Jaguar prepares four-cylinder diesel XFLand Rover Freelander engine to be used

01 April 2011

Jaguar XF 2.2D testing

The Jaguar XF 2.2D is due to be unveiled in full in New York next month

Jaguar is readying its much-needed four-cylinder 2.2-litre diesel version of the XF, and plans to reveal the model in full at the New York Auto Show on April 22.

The new Jaguar 2.2D will take the fight to the BMW 520d and Audi A6 2.0 TDI – four-cylinder entry-level diesels account for over half of sales in this sector, and Jaguar has been missing out until now with its range of 3.0-litre V6-only diesels.

Crucially, the new Jaguar XF 2.2D will boast the best economy and emissions performance of all Jaguar XFs: claimed average fuel economy is 53.2mpg and the CO2 figure has been trimmed to 149g/km. That’s 11.2mpg more than the current V6 diesel.

Read the full review of the current Jaguar XF here

Familiar diesel engine

Jaguar XF 2.2D

The new Jaguar XF 2.2D will use the same engine from the Land Rover Freelander

The diesel chosen for the Jaguar XF 2.2D will already be familiar to Jaguar Land Rover followers: it is used in the Land Rover Freelander, in both 150hp and 190hp guise.

Fittingly, it is the higher-powered version that Jaguar is using for the XF 2.2D. It also produces 332lb ft of torque, which helps it achieve 140mph. 0-62mph takes 8.5 seconds.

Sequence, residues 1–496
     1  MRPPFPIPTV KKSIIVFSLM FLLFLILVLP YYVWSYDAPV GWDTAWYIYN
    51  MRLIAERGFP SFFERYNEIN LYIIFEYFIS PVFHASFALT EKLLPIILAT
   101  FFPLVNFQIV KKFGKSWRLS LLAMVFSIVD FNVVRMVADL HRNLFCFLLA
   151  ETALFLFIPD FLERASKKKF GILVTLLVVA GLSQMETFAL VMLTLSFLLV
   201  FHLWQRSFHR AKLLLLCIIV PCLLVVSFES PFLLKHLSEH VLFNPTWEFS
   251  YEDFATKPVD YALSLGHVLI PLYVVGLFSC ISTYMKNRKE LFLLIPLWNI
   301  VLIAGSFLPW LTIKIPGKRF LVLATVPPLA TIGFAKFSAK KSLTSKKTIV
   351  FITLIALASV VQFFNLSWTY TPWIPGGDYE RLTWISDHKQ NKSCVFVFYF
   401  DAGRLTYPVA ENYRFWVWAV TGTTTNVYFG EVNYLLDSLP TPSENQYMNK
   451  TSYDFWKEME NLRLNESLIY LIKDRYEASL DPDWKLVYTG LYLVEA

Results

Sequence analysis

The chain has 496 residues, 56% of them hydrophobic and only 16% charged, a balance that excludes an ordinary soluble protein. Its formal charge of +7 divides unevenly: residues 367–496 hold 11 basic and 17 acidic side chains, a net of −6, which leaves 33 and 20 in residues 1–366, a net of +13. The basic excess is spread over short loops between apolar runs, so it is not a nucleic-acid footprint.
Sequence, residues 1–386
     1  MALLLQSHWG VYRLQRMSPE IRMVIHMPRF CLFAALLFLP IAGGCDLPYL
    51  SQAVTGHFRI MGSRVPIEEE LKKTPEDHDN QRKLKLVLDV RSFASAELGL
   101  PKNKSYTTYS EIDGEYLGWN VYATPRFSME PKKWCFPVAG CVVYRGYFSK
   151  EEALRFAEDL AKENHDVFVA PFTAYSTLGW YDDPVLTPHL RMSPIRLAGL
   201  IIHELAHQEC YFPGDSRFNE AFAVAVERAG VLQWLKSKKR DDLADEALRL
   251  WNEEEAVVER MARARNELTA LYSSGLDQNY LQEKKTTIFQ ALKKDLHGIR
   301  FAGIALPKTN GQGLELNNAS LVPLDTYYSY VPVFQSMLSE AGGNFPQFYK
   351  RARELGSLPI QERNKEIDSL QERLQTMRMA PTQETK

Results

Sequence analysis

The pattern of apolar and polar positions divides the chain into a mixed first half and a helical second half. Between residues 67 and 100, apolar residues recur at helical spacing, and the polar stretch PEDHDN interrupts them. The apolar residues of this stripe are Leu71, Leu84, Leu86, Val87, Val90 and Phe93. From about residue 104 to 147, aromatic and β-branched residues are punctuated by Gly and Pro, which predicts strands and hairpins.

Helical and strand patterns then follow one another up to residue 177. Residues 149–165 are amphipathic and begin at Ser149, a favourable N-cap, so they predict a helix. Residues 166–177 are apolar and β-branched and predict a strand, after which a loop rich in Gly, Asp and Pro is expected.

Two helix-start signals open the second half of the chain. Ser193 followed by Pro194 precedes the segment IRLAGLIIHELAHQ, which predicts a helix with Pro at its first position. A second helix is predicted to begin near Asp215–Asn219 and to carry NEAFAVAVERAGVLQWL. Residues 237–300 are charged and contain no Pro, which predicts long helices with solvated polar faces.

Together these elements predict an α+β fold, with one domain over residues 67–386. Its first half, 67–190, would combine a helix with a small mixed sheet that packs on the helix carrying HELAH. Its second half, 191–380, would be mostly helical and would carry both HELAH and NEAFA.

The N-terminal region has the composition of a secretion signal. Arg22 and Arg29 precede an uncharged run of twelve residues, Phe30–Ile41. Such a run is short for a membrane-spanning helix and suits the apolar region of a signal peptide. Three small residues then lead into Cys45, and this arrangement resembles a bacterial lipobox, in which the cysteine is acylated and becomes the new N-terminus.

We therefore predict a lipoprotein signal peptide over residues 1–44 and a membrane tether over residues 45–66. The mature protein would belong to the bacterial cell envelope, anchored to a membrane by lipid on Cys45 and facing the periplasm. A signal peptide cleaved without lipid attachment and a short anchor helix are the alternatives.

Fitted as standard is a new eight-speed ZF automatic gearbox - seventh and eighth gears are overdrive ratios, which improves high-speed cruising efficiency. Until now, the Jaguar XF has used an older six-speed version of the ZF automatic: the eight-speed unit is expected to arrive within other models in time.

Read our guide to automatic gearboxes

Eco stop-start

Jaguar has also fitted stop-start to the new Jaguar XF 2.2D – again, for the first time in the XF range. It is another application of smart stop-start to an automatic transmission, and uses a battery of sensors and feeds.

Indeed, Jaguar is describing it as ‘intelligent stop-start’. That’s because, unusually, it doesn’t require the engine to be completely stopped before it can be restarted again. This is useful at roundabouts, where the driver may briefly stop, then spot a gap to rush for – only to find the engine is still shutting down.

Jaguar’s system allows the car to be restarted even if it is still rotating at 400rpm (around half normal tickover speed), resulting in fewer delays. The standard stop-start system also saves between 5-7% in fuel consumption, says Jaguar.

Find out more about stop-start technology here

Key new car

The new Jaguar XF 2.2D is expected to go on sale later this year, and will be a key model for Jaguar across Europe. That’s why the CO2 figure has dipped below the 150g/km mark (although further benefits would be found if it could have fallen beneath 140g/km…).

Refinement shouldn’t suffer compared to the V6s, reckons the firm. Extensive work on sound deadening and bulkhead design, plus clever active engine mounts, has cut 3dB from sound levels, while experience of this engine in the Land Rover Freelander suggests it should be smooth.

More details of the 52mpg Jaguar XF will follow next month – including, we hope, prices and UK specifications.

Get full Which? Car test scores for Jaguars here

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